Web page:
Talking therapy helps

There is no right or wrong way to grieve. It is a personal experience. From experience with clients, I would say the first year is worse. Yet for some the first year is just the beginning of their grief journey and it can get worse for them. It is common after losing a loved one is that you need to find sense of what you are feeling and need to talk and talk about the same thing. Few people are willing to hear. You can experience numbness, low self-esteem, anger, sadness. If you are suffering from grief, counselling may help you to come to terms with your grief. Sometimes talking to someone who is not involved in the bereavement can be beneficial.

What can we learn?

We could learn a lot from other cultures on how to deal with grief. Let’s start by allowing people to express their grief. Accept their sadness not criticize it. Let’s learn how to carry and support our family and friends rather than asking them to conform to our way of grieving or society’s way.Let’s listen to them and not be irritated that we have heard that story before. Let’s be compassionate friends to each other and help our friends and family through their grieving process. It’s only a start but an encouraging one.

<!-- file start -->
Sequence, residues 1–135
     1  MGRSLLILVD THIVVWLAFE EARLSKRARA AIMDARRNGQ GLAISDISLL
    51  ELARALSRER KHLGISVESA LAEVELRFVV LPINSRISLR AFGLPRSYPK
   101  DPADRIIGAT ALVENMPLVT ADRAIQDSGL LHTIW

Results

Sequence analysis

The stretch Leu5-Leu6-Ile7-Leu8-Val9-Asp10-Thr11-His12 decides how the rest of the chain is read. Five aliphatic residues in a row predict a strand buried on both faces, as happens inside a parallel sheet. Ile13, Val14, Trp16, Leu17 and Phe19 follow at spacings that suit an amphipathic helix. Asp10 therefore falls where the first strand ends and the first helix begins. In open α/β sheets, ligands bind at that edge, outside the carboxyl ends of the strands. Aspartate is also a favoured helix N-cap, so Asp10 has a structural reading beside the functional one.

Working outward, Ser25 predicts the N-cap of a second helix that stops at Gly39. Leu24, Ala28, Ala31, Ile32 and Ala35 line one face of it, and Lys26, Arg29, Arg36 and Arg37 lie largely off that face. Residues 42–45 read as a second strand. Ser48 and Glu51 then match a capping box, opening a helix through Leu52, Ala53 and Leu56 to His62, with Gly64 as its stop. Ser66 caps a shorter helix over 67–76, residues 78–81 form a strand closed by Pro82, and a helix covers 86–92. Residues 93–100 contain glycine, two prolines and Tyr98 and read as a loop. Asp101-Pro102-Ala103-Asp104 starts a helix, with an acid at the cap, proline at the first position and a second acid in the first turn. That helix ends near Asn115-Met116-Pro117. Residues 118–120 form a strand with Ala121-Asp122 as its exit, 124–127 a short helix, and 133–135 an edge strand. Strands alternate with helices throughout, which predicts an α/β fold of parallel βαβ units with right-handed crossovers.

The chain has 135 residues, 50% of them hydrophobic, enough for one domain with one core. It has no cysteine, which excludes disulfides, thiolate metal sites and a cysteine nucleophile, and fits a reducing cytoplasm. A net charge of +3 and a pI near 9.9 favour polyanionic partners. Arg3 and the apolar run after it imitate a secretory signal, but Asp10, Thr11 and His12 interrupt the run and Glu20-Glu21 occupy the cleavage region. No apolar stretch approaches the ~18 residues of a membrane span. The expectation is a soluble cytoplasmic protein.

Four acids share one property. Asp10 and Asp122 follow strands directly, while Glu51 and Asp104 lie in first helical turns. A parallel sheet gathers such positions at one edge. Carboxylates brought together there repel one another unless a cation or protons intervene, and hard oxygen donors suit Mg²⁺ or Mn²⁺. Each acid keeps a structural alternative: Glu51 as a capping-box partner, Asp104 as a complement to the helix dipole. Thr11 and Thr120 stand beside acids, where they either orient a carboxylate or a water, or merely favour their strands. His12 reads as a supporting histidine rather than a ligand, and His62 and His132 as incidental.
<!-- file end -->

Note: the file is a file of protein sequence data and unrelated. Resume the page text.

If you would like to learn more how to support a grieving person through a bereavement, have a look at this blog post. It includes things not to say!

Hazel Hill can provide support through online counselling or counselling 1:1 in Sheffield. She has a specific expertise for those who need support for bereavement.

Reference

Harris, D (2010), Oppression of the Bereaved: A Critical Analysis of Grief in Western Society, MEGA Journal of Death and Dying, Issue:  Volume 60, Number 3 pgs:  241 – 253